Scientist Mara Cadell created the Twin-Bred -- pairs of fraternal twins, one human and one Tofa -- to bridge the profound and dangerous gap between the human colonists on Tofarn and the indigenous Tofa. Unexpectedly, it is the Tofa host mothers who now claim the capacity to bring peace between the two. The Twin-Bred themselves have been forced to abandon their mission and their planet, in the hope of finding a less hostile home. Only one pair remain behind, seeking to build new and separate lives with their own kind.
But Mara and the Twin-Bred should know by now that plans provide little protection. New challenges are in store for all the Twin-Bred, and for those whose lives they touch.
"Reach is a worthy sequel to Twin-Bred. . . .The story line of Twin-Bred is continued and raised in level of depth and complexity. At the same time, a new and exciting story line is added. . . . I trust and hope we are seeing the beginning of one of the outstanding series of Sci-Fi . . . . Highly recommended." -- author R. Lee Holz
|Product dimensions:||5.06(w) x 7.81(h) x 0.63(d)|
About the Author
Wyle was an English and American Literature major in college, which suited her, although she has in recent years developed some doubts about whether studying literature is, for most people, a good preparation for enjoying it.
Wyle's voice is the product of almost five decades of reading both literary and genre fiction. It is no doubt also influenced, although she hopes not fatally tainted, by her years of practicing appellate law. Her personal history has led her to focus on often-intertwined themes of family, communication, the impossibility of controlling events, and the persistence of unfinished business.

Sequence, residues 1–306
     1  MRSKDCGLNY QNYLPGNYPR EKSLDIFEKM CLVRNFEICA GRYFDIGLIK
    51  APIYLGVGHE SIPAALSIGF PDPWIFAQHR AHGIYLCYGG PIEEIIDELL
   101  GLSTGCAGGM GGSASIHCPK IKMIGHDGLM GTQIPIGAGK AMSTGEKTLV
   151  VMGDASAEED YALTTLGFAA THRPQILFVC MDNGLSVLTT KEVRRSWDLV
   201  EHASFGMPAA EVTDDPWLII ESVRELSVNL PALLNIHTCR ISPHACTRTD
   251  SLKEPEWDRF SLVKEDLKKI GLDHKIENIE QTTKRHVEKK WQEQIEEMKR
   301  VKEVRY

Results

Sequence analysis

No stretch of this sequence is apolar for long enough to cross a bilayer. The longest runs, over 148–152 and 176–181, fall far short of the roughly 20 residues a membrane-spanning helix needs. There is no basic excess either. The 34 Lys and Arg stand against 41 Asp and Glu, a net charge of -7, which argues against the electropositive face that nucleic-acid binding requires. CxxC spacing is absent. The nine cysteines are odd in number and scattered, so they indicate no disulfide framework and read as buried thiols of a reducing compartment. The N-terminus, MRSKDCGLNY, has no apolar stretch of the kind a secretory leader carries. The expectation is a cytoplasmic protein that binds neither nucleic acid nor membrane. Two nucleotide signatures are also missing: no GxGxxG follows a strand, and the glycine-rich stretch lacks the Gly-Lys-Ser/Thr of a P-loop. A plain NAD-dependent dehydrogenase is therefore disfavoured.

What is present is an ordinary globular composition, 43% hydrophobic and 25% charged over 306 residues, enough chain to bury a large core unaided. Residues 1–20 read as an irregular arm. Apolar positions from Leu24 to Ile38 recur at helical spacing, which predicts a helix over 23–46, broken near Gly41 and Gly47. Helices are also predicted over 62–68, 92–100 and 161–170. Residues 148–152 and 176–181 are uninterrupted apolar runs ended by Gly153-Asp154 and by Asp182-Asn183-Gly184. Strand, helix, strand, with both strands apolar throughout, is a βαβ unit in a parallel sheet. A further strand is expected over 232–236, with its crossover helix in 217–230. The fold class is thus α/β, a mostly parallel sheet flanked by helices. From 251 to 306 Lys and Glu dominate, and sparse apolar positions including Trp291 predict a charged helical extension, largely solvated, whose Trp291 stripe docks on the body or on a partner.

Most Helpful Customer Reviews
Twin-bred human-alien pairs cross the vastness of space in search of a new home. Bred as twins to bring unity to their world where human and tofa live in uneasy alliance, they finally took to space at the end of book one, Twin-Bred, rather than cause more strife and controversy. This second novel in the series opens with most of the twin-bred, and their creator, on a space-ship, while beloved friends try to blend in at home. It’s been quite a while since I read book one, and I’d say most readers could safely start with this book. But they’ll probably want to know more, and book one’s still out there, enticing with its well-drawn aliens, and convincing insights into different ways of life. The same sense of the alien made real is just as vivid in Reach, and readers can quickly identify with a wholly different way of thinking, smiling, smelling, even sitting to relax (these aliens “lean”). But this isn’t strangeness for strangeness’ sake. Intriguing questions of identity are explored—what makes us real, as well as what makes us human, what constitutes true sharing, and what will it take to make us see ourselves as others see us. Loss, healing and hope rest in surprising places in these pages. Love and life both prove more than merely physical. And, as two characters work separately, together, it seems entirely right that one should muse, “If our reach proves insufficient, I will know, and move closer.” Would that we could apply that same lesson in life, instead of so often fleeing from what seems strange. An enjoyable story with great characters, great plot, and intriguing food for thought, Reach is a worthy successor to Twin-Bred and this author’s reach is impressive. Disclosure: I loved Twin-Bred and I jumped at the chance of a free ecopy of Reach for review.